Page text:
Project Description


ABC Talk It Out


North Carolina has an underage drinking problem. Working in concert with our friends at Eckel & Vaughan, we developed a multi-year campaign aimed at reversing this serious issue—a public health crisis that can lead to crime, early pregnancy, brain injury and even death. It’s a heavy subject, and research showed parents were in denial about how early their children were being exposed to alcohol. Our response? A two-phase approach: First, go bold to wake parents up. Then, once we had their attention, guide them to the all-important action of starting ongoing and possibly life-changing conversations with their kids. 


Campaign naming
Brand style
Television ads
Banner ads
Radio ads
Social ads
Out-of-home ads
Educational toolkits


Rick Binger
Josh Fraimow
Chad Seay
Brendan Ward

Year One

We went in with a gut punch, getting parents to face the fact that—as much as they might not want to hear it—they need talk about underage drinking with their children, and at a much earlier age than they may think. Uncomfortable? Yes. Effective? Very.

Year Two

Parents were beginning to wake up and pay attention; the job was to keep the momentum going. That called for another set of hard-hitting concepts that showed parents the potential consequences of inaction, in an engaging and powerful way.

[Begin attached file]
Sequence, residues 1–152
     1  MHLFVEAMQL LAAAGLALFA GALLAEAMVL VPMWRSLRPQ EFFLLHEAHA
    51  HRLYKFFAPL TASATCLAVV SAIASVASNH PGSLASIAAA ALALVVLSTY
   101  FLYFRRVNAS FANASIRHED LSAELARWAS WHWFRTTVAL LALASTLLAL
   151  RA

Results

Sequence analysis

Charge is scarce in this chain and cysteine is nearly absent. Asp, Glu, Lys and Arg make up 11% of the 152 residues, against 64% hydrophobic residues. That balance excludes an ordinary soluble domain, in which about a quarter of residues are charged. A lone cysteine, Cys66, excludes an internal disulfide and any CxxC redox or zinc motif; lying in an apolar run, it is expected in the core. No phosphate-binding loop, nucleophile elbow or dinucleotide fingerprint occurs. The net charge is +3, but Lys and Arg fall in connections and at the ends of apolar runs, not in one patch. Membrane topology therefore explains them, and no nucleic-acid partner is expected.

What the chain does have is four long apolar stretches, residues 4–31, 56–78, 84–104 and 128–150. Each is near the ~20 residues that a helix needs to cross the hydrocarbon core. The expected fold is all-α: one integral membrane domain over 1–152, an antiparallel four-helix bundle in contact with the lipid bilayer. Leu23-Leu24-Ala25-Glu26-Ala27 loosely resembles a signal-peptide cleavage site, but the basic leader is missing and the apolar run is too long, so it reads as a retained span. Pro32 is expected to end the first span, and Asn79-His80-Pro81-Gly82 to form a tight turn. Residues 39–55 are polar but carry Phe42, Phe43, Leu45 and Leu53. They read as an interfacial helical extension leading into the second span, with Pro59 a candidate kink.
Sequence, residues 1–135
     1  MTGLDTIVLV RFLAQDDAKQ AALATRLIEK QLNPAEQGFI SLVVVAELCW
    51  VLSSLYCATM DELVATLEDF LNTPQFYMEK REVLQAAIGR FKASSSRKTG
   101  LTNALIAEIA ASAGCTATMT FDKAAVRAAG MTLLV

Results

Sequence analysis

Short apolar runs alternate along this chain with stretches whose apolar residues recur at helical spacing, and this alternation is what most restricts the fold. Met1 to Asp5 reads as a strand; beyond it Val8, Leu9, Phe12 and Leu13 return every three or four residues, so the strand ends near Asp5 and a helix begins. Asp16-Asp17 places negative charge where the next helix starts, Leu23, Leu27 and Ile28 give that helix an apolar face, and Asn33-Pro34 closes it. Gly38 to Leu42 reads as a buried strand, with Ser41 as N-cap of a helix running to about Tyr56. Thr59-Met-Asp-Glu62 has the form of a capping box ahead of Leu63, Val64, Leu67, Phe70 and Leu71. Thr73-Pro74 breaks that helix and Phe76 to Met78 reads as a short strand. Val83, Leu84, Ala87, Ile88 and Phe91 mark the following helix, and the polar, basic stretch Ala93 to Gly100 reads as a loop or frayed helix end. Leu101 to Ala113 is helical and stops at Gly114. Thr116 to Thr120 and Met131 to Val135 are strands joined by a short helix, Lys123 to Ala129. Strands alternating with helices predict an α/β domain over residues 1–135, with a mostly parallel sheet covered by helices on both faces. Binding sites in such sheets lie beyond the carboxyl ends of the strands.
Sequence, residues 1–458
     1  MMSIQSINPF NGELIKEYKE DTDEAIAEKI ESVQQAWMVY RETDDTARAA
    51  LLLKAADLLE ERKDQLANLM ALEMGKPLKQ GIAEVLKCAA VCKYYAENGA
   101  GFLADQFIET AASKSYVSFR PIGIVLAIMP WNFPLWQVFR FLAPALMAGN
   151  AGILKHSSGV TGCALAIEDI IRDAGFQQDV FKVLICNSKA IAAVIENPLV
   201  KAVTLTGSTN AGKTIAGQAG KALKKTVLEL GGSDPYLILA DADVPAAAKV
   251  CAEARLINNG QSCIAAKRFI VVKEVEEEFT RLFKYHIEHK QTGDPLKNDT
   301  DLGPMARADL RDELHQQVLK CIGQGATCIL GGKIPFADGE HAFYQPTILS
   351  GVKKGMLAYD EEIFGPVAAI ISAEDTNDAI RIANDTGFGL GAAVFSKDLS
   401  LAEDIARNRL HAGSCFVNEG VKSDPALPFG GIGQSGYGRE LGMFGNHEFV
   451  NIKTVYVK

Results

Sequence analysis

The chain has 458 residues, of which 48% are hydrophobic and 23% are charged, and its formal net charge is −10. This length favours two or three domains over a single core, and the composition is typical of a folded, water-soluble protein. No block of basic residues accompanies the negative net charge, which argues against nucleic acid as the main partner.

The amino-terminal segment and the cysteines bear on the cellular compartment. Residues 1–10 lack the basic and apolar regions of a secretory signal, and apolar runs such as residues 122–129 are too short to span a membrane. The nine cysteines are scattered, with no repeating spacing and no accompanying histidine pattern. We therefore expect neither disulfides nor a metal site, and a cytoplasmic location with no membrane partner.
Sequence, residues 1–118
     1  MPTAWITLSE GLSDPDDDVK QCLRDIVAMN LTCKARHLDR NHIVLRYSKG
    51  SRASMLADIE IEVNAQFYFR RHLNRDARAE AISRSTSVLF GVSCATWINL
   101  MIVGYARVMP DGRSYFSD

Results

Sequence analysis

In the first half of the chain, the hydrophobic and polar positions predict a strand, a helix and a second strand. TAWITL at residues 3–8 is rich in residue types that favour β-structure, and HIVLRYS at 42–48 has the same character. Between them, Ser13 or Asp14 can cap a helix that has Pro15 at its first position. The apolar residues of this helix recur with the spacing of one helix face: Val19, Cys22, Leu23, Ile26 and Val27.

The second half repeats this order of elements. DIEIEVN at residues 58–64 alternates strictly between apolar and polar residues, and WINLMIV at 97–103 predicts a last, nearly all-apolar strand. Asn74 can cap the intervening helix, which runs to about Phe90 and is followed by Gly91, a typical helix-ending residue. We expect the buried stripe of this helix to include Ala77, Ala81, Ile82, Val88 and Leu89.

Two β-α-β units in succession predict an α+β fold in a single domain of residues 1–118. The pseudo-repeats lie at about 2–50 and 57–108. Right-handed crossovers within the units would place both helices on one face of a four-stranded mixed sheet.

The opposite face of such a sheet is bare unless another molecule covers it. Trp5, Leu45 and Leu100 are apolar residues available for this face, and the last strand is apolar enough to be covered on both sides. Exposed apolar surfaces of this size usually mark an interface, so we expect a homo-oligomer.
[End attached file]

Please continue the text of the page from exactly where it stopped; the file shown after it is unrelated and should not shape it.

Year Three

It was time to back up our message with some science. Specifically, the fact that areas of the brain responsible for judgement, consciousness, even breathing, aren’t fully developed until age 25. So we showed what can happen when teens literally act without thinking.

Year Four

After three years of building awareness, we turned the dial turned to action: actually sitting down and talking. We know parents find it awkward, and even when they get over their fears they tend to overthink things. The insight? Perfect is the enemy of good.

The results? People are still taking about them. Surveys showed unaided recall of the ads by almost half the parents. Even better, those who recalled an ad were likely to talk with their child about underage drinking one year earlier than those who did not.

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